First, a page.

What does a hotel need, to feature in our Hotels We Love series? Well, obviously something extraordinary; something that no other hotel has to the same extent; something that lets you forget that you stepped out of your comfort zone and knee-deep into a foreign culture; something unexpected that leaves you in awe.

When Katja and I made our way to Lodz in Poland we were excited about what lay ahead. To be honest, Lodz was not necessarily on my bucket list – I had never been to Poland, and thought my first encounter would be the capital Warsaw or beautiful Krakow in the south. But we happened to have received an invitation by Vienna International hotel group to explore not only Lodz but also their flagship hotel andel’s – and why would we say no to the opportunity to go off the beaten track?

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Lodz is quite an interesting place to describe. On the one hand, it’s a popular conference and business city – close to Warsaw and the international airport (roughly 1.5 hours drive), loads of hotels and restaurants to choose from and not too big to get lost. On the other hand however, Lodz has developed into a centre for creative industries and cool urban development. Many of the old warehouses and factories in town have been abandoned by their former owners a few decades ago – mostly textile manufacturers – and the city has been busy renovating and restoring them to change its image. Today, there is a thriving culture of creative freelancers in design, fashion and architecture, a renowned film school, numerous galleries and art centres and street art decorating the walls.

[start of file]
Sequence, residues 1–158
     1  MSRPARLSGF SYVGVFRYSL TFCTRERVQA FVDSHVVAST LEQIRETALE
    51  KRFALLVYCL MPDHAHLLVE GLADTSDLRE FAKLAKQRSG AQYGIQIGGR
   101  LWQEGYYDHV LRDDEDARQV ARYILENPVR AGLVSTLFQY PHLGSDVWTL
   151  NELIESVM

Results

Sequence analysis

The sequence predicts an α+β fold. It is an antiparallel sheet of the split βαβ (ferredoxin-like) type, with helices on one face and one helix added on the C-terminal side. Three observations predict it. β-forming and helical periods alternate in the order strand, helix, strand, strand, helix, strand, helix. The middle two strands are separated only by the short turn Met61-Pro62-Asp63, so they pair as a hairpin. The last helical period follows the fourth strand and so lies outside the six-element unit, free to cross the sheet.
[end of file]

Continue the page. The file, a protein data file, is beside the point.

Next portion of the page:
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While Lodz’s city centre is dominated by a gorgeous high street, and candy-coloured architecture, it is the industrial edge that lies behind every corner, that gives the city its actual appeal. And this is where andel’s hotel comes in – not only the city’s first 4-star design hotel, but also located in a historic weaving mill from the 19th century.

It hit me immediately when I arrived late on the Thursday night. I entered through large glass doors and headed straight for the reception across a giant hall. Had I ever seen such a spacious hotel lobby before? I dare to doubt that. Scattered around were couches, lounge corners, and an art exhibition featuring posters by a local graphic designer. Everything seemed cool, but not cold. The staff greeted me with a smile as big as the lobby and directed me to my room on the first floor, which was connected to Katja’s suite by a double door.